The presentation examines what insights text mining in the ECCO and other Enlightenment databases can bring to musical analysis of Mozart's piano concerto corpus.

The music analytical part of research is based on a narratological model of dialogue in Mozart's concerto form developed in my dissertation that juxtaposes internal dialogue with cultural influences. Here one argues for a novel explanation of mechanism of dialogue between solo and ritornello (orchestra) sections in concerto form. The presentation is based on an existential semiotic framework that seeks resemblances of morality, passions and related concepts between Enlightenment society and narratological features in concertos. Of special importance are those concertos (KV 467, 482, 453, 456), where this interaction is the result of historical layering of discourse and the deontic forces that arise in the ensuing dialogue. The paper further enquires if this is a symptom of a broader stylistic change that rearranges baroque, classical and romantic influences within classical style paving the way to romanticism and possibly provoking parallels with the idea of a second Enlightenment. In analyzing the text corpus distributional semantics will serve the purpose of finding such occurrences that hold resemblance to moral terms and topics found in the concerto corpus. A thoroughgoing issue in the paper is how the examination of these phenomena can be supported by DH methodologies.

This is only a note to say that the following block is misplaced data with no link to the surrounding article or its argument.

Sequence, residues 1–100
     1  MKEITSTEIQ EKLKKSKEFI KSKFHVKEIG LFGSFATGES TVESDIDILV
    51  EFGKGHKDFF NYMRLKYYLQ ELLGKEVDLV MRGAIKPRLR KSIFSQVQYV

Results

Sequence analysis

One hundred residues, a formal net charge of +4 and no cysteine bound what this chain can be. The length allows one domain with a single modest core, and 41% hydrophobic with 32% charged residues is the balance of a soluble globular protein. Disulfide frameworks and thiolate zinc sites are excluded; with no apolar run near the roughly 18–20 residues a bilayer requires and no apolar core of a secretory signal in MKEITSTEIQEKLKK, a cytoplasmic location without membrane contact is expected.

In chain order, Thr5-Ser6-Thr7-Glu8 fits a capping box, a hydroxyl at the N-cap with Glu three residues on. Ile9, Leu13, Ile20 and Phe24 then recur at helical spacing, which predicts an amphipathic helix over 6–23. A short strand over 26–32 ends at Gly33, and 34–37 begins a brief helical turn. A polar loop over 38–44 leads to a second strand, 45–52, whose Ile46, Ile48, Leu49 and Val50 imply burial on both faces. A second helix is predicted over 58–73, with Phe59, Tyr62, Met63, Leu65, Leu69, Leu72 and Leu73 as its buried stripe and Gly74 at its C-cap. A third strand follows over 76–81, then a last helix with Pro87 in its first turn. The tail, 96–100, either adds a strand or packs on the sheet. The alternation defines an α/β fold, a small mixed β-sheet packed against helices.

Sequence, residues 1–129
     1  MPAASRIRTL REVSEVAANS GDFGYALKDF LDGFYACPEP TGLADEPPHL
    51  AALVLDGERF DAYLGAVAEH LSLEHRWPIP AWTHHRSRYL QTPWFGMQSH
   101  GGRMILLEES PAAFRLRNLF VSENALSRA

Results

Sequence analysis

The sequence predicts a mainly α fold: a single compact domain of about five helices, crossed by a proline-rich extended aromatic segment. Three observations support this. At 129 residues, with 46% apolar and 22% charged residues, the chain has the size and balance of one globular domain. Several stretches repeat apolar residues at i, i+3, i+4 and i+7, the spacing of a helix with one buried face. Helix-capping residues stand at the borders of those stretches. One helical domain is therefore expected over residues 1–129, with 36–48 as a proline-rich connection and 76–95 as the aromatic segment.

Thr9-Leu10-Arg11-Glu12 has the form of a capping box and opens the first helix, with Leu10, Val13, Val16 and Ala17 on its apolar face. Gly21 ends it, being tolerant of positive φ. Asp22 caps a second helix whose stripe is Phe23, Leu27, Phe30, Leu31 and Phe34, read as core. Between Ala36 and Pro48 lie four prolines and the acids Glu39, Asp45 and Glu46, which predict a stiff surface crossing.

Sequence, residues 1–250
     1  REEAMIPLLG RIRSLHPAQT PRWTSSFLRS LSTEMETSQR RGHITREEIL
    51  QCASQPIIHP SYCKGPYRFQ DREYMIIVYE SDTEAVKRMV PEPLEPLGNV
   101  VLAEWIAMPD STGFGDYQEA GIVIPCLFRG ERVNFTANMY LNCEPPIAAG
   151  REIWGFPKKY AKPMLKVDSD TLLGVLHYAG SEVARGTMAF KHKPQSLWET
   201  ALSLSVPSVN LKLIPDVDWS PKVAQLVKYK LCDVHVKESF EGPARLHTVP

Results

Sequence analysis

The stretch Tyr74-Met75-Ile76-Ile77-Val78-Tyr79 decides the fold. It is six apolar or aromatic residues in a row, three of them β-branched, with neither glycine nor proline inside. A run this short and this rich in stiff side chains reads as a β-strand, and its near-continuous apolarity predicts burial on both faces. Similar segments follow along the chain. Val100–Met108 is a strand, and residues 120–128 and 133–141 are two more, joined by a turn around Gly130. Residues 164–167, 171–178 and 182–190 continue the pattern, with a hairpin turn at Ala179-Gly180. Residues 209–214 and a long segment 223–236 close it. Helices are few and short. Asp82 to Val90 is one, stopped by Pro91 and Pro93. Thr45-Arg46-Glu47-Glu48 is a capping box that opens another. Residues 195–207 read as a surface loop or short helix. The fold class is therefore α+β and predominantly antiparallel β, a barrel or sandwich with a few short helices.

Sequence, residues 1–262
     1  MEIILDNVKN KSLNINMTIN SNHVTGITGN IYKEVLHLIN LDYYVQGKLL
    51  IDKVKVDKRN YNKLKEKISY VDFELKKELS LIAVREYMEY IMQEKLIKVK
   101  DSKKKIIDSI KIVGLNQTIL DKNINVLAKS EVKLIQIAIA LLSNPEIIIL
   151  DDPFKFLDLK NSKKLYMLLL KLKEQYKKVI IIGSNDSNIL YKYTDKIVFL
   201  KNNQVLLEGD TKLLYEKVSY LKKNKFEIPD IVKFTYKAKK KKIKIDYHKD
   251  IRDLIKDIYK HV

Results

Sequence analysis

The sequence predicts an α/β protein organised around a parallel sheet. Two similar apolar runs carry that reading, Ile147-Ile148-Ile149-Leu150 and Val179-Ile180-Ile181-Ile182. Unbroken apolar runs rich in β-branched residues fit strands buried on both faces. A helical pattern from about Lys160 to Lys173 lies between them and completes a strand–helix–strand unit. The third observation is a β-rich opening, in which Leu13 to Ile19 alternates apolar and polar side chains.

To build up a sense of representation of an individual in society within a concerto's solo-ritornello alteration, one needs a methodology to describe an 18th century person's sociability. In terms of topics and morality one needs to be able to identify them as belonging either to individual or social spheres. A close counterpart would be private and public spheres as they were conceived in the Enlightenment. A third factor to be considered is the ancient regime with a sociability of its own. To match with the concertos an examination of individual-social -relation from Baroque to romanticism is needed because of the historical layering of concerto dialogue. The nature of interaction is subject to change in individual's reaction to changing societal norms that in the study are depicted as deontic statements in natural language. In finding co-occurring terms distributional semantics helps to find similarities and differences between moral terms and topics and to form corresponding groups of concepts. Here the role of benevolence is especially central. In the above group of four concertos the interaction is especially geared toward progressive sociability and the group serves as a corpus for a study that is more limited in scope. In a wider study of the whole concerto corpus an even broader parallel examination of stylistic and historical changes of moral and topical content becomes possible. In the process a conception of representation of culture will emerge. The latter research will also allow a stylistic re-evaluation of Mozart's concertos and the model of concerto form behind it.


Mozart, concerto form, Existential semiotics, cultural representation, distributional semantics